To Name :
To Email :
From Name :
From Email :
Comments :

Comment and Controversy

Cost is an issue in applicability of new agent…...and more

December 2010 · Vol. 22, No. 12
This week's quiz:
More »


Cost is an issue in applicability of new agent

In regard to tranexamic acid [Lysteda] for menorrhagia, I find it hard to believe that anyone would, in good conscience, recommend this drug for long-term therapy unless all other options have been exhausted. The $2,000 yearly cost is prohibitive.

Ann Wasson, MD
Falcon Heights, Minn

A question about the new drug

Is intrauterine tranexamic acid of any benefit?

George Kovacs, MD
Hawthorne, Calif

Dr. Barbieri responds:
Tranexamic acid is often a bridge
to other approaches

I respect and share Dr. Wasson’s concern that we should only use the most cost-effective treatments for our patients. In countries where tranexamic acid has been used for many years, it is typically prescribed as an initial treatment for menorrhagia and is often a bridge to a procedure-based approach such as placement of a levonorgestrel-releasing intrauterine system (LNG-IUS), endometrial ablation, hysteroscopic surgery for polyps or myomas, or hysterectomy.

Recently, I saw a patient with menorrhagia who would be a good candidate for a LNG-IUS. Her employer was a religious organization, and it was going to take 2 months to get insurance approval for the LNG-IUS. She did not want to use a hormone such as an estrogenprogestin or progestin pill. We used tranexamic acid for those 2 months until she received insurance approval for her LNG-IUS.

I appreciate Dr. Kovacs’s creative idea. Major advances in medical treatments are often made by using an approved medication in a new manner. However, I know of no formulation of tranexamic acid that can be utilized as an intrauterine treatment.



Endometrial assessment
is not always clear-cut

I agree with Dr. Duska that lowering of the cutoff of endometrial thickness to 3 mm, with all values at that level or above meriting biopsy, would not be advisable at this time. I also fully support the ACOG Committee Opinion on ultrasonographic (US) assessment of the endometrium, which recommends that this cutoff be 4 mm.1

However, I would suggest the following refinements to terminology and practice:

  • In its opinion, ACOG refers to “endometrial thickness.” I refer to it as an “endometrial echo” on transvaginal US. The term “stripe” is not a medical term, and I would implore readers to abandon this slang terminology.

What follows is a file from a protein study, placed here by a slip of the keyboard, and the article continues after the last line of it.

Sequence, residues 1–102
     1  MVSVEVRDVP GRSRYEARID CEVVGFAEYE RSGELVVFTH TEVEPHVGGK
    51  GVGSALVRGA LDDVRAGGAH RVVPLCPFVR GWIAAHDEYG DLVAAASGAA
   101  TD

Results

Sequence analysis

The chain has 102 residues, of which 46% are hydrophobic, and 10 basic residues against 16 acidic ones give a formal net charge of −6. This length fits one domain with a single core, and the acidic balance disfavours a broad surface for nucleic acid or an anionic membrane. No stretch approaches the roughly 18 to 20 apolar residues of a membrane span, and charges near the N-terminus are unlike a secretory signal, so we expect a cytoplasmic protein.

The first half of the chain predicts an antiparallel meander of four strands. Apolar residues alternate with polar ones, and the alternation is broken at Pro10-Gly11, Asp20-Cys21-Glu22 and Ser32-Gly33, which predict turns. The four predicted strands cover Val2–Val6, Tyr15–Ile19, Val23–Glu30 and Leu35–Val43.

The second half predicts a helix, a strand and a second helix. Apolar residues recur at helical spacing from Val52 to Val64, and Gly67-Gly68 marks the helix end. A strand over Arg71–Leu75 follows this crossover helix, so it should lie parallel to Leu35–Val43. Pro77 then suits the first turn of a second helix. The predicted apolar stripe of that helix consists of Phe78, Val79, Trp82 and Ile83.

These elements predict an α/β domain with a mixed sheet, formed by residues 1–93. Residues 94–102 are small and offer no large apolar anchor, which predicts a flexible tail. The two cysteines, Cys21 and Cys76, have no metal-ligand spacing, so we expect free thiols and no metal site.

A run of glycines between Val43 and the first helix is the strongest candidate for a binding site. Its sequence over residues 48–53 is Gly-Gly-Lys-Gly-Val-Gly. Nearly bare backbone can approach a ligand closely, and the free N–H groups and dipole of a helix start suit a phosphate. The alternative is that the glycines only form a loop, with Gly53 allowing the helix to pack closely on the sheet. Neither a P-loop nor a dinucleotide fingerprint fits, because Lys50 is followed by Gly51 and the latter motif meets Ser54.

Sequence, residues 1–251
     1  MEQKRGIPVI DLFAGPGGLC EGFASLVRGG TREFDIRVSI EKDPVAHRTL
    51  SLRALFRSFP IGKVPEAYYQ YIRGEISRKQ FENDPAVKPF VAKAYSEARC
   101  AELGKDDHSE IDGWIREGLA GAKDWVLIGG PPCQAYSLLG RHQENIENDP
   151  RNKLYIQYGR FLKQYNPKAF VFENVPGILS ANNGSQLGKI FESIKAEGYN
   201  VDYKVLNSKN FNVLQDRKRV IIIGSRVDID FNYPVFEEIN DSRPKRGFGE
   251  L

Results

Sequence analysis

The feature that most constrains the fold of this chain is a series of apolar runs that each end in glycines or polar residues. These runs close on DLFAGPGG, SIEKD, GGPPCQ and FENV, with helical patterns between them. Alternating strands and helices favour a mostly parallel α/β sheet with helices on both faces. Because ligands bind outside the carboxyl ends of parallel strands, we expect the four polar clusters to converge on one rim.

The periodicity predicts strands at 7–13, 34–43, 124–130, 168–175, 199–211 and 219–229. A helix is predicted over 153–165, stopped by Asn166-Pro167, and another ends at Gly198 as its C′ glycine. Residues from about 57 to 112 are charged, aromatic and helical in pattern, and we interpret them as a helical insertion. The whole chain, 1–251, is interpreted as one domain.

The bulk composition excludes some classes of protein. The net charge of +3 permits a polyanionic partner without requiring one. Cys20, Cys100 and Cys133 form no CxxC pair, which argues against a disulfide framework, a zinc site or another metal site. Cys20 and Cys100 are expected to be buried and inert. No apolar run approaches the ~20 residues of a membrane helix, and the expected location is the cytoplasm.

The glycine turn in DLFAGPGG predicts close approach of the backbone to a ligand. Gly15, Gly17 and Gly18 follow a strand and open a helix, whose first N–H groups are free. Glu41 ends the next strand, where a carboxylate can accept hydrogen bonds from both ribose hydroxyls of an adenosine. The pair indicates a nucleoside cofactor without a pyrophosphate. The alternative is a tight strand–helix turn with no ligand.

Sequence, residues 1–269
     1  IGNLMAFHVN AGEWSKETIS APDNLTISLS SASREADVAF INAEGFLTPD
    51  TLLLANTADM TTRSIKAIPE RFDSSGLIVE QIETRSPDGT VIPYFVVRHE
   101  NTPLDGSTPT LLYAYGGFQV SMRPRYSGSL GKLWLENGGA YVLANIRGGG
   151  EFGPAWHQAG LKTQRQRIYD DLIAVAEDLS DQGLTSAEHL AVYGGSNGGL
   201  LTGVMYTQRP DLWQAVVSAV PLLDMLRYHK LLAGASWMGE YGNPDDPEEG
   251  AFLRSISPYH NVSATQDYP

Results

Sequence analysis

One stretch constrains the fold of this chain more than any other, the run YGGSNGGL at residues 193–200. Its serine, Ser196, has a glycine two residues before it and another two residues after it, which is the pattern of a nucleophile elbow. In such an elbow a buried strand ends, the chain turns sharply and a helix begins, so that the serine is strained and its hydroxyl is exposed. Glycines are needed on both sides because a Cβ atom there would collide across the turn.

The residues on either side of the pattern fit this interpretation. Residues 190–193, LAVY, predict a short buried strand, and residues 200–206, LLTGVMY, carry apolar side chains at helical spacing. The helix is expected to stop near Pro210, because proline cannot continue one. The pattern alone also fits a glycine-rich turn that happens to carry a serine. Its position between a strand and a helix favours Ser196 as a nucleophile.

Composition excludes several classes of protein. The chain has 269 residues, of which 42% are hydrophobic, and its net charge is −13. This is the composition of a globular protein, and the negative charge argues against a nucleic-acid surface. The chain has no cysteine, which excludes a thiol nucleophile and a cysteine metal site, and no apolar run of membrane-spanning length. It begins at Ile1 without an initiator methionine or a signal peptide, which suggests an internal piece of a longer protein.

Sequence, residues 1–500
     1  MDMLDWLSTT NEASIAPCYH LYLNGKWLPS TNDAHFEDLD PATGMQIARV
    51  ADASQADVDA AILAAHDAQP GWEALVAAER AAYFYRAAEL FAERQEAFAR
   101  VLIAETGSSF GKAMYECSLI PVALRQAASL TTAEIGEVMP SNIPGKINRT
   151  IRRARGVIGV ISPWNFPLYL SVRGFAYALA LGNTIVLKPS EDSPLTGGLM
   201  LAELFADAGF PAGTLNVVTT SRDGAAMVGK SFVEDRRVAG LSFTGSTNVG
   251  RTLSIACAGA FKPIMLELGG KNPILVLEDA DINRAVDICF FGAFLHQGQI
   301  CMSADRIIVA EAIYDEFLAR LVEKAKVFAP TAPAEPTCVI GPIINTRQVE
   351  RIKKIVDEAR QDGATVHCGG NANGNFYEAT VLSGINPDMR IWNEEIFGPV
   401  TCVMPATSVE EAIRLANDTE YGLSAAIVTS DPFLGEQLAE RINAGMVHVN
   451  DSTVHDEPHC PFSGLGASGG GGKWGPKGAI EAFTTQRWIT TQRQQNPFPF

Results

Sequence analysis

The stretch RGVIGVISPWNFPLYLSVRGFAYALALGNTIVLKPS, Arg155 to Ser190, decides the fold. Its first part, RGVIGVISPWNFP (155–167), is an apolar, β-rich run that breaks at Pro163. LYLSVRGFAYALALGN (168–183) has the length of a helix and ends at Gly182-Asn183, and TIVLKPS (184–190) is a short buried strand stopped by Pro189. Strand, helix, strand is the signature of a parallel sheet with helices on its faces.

• Dr. Duska recommends that “only women who have postmenopausal bleeding and an endometrial stripe thicker than 4 mm need to undergo endometrial biopsy.” The failure of endometrial biopsy to detect pathologies that are not global (i.e., >50% of surface area) is now well known and needs to be acknowledged and incorporated into the clinical recommendations.2,3 For example, I would suggest that if a patient who has a thin echo (<4 mm) rebleeds, her risk of endometrial cancer is increased, indicating the need for further evaluation, such as hysteroscopy, sonohysterography, etc.4

Steven R. Goldstein, MD
Professor of Obstetrics and Gynecology
Director of Gynecologic Ultrasound
Co-Director of Bone Densitometry
New York University Medical Center
New York City

Endometrial thickness doesn’t always reflect pathology or health

I enjoyed Dr. Duska’s timely commentary on endometrial assessment. I recently had a patient who had an endometrial thickness of 3 mm. She underwent dilatation and curettage (D&C), and an endometrial carcinoma was detected. Another patient had endometrial thickness of 10 mm, but the endometrium was inactive and scant at the time of D&C. I suspect there is some variability between ultrasonographers in the measurement of endometrial thickness. To a radiologist, the endometrium appeared to be thin in the first case, but there was abundant tissue at D&C. In the second case, there was very little tissue, yet it was measured at 10 mm.

Daniel M. Avery Jr, MD
Professor and Chairman